thus, dismissed as time barred. This Court reversed the judgment of the
    High Court. While doing so, it referred to clause  7  of  the  mortgage
    deed which was to the following effect:
           “Without prejudice to the above rights and  powers  conferred  on
           the Corporation by these presents and by Section 29 and 30 of the
           State Financial Corporations Act, 1951, and as  amended  in  1956
           and 1972 and the special remedies available  to  the  Corporation
           under the said Act, it is hereby further agreed and declared that
           if the partners of the industrial concern fail to  pay  the  said
           principal sum with interest and other moneys due from  him  under
           these rpesents, to the Corporation  in  the  manner  agreed,  the
           Corporation shall be entitled to realise tis dues by sale of  the
           mortgaged properties, the said fixtures and  fittings  and  other
           assets, and if the sale  proceeds  thereof  are  insufficient  to
           satisfy the dues of the Corporation, to recover the balance  from
           the partners of the industrial concern and the  other  properties
           owned by them though not included in  this  security.”  (emphasis
           supplied).


    19.    On the basis of the aforesaid clause the Court found fault  with
    the approach of the High Court in as  much  as  clause  7  specifically
    provided that the Corporation could filed recovery proceedings  against
    the partners of the Industrial concern if  the  sale  proceeds  of  the
    assets of the industrial concern were insufficient to satisfy the  dues
    of the Corporation.
    20.    Mr. Dhruv  Mehta,  learned  Senior  Counsel  appearing  for  the
    appellant tried to distinguish this judgment by vehemently arguing that
    the aforesaid case was based on  interpretation  of  clause  7  of  the
    mortgage deed which was executed between the parties and in the present
    case such a clause is conspicuously absent. Had the  judgment  of  this
    Court rested solely on clause 7 of the  mortgage  deed,  the  aforesaid
    argument of Mr. Dhruv Mehta would have been of some credence.  However,
    we find that the Court also specifically discussed the issue as to when
    right to sue on the indemnity would arise and specific answer given  to
    this question was that it would be only after the assets were sold  of.
    The judgment was also rested on another pertinent aspect viz. since the
    mortgage deed was executed, the period of limitation would be 12  years
    if a mortgage suit was to be filed. Following discussion  in  the  said
    judgment on this aspect squarely answers the contention of the  learned
    Senior Counsel for the appellant:
           “Whilst considering the  question  of  limitation  the  Division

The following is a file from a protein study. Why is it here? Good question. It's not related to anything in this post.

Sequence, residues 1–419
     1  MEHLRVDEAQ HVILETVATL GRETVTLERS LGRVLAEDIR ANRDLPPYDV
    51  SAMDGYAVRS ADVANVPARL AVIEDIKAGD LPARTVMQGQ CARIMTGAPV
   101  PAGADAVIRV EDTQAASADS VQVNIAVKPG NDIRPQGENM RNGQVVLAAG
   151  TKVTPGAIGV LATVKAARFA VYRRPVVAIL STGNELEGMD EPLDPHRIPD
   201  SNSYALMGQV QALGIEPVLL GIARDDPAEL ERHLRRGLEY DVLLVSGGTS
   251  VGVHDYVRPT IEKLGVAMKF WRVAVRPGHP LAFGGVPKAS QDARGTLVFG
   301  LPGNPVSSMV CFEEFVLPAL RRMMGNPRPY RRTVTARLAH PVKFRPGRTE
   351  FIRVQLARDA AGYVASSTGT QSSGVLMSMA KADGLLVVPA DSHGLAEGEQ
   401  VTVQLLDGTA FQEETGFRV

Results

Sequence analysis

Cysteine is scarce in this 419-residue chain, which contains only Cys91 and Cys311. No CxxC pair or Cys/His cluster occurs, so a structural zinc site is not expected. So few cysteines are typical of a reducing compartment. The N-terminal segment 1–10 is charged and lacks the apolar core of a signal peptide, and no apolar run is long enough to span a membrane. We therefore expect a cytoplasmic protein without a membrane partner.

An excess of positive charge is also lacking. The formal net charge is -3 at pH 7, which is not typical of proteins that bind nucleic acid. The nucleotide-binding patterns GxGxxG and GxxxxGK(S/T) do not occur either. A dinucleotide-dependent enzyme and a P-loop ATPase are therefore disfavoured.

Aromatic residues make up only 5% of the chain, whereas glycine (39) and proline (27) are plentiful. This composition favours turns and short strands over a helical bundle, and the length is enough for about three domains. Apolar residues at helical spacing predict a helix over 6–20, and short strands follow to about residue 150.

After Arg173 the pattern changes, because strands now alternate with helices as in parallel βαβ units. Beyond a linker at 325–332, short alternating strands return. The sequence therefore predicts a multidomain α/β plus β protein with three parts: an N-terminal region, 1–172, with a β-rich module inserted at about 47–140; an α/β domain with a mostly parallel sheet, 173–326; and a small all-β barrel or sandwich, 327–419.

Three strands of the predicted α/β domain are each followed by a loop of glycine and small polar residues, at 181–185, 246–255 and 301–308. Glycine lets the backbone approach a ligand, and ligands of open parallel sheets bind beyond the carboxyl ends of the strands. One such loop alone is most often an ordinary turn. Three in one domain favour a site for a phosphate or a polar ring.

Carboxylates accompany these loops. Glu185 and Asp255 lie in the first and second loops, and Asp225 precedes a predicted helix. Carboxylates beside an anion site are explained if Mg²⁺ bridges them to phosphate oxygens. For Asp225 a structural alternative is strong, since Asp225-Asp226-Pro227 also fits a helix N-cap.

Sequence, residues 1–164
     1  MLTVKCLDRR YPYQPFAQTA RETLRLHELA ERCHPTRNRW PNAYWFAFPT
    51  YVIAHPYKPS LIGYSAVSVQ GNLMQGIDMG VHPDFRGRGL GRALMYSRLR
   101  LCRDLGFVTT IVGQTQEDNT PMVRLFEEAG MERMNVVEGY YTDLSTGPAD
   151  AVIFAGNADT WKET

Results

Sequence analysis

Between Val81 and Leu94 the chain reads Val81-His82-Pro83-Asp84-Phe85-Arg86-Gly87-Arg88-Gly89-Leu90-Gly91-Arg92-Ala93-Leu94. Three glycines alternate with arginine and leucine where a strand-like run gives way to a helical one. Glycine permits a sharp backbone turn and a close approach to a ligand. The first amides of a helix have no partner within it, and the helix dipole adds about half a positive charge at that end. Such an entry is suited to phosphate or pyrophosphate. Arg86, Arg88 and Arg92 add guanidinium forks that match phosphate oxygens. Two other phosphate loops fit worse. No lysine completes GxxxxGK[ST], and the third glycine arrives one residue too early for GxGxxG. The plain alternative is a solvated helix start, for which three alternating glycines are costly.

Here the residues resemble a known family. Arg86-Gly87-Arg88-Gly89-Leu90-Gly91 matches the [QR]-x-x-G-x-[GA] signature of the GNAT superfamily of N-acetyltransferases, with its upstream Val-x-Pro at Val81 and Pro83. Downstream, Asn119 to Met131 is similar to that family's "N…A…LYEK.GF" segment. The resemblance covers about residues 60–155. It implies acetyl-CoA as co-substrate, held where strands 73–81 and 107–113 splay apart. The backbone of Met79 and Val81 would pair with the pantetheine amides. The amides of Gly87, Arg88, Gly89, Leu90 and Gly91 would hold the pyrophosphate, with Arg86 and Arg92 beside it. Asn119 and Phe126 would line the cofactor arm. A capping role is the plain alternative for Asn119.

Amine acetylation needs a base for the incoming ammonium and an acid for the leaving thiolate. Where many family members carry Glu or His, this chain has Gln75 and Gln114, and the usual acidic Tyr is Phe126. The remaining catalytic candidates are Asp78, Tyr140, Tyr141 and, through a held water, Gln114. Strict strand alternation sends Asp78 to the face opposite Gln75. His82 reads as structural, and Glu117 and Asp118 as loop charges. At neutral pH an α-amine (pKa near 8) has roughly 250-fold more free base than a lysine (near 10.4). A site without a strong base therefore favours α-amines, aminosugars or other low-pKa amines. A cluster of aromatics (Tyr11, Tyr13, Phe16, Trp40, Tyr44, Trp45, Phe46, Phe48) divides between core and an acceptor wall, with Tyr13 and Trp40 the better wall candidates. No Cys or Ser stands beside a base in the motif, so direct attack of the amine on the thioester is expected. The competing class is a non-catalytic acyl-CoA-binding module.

Bench  has  given  a  very   lengthy   judgment   running   into
           approximately 50 pages. However they appear to have not  noticed
           the fact that under  Clause  7  an  indemnity  had  been  given.
           Therefore, the premise on which the judgment proceeds i.e.  that
           the loan transaction and the mortgage deed,  are  one  composite
           transaction which was inseparable is entirely erroneous.  It  is
           settled law that a contract of indemnity and/ or guarantee is an
           independent and separate contract from the main  contract.  Thus
           the question which they required to  address  themselves,  which
           unfortunately they did not, was when does the right  to  sue  on
           the indemnity arose. In our view, there can be only  one  answer
           to this question. The right to sue on the contract of  indemnity
           arose only after the assets were sold off. It is  only  at  that
           stage that the balance due became ascertained.  It  is  at  that
           stage only that a suit for recovery of the  balance  could  have
           been filed. Merely because the Corporation acted  under  Section
           29 of the Financial  Corporation  Act  did  not  mean  that  the
           contract of indemnity came to an end. Section 29 merely  enabled
           the Corporation to take  possession  and  sell  the  assets  for
           recovery of the dues under the main contract. It may be that  on
           the Corporation taking action under  Section  29  and  on  their
           taking possession they became deemed owners.  The  mortgage  may
           have come to an end, but the contract of indemnity, which was an
           independent contract, did  not.  The  right  to  claim  for  the
           balance arose, under the contract of indemnity,  only  when  the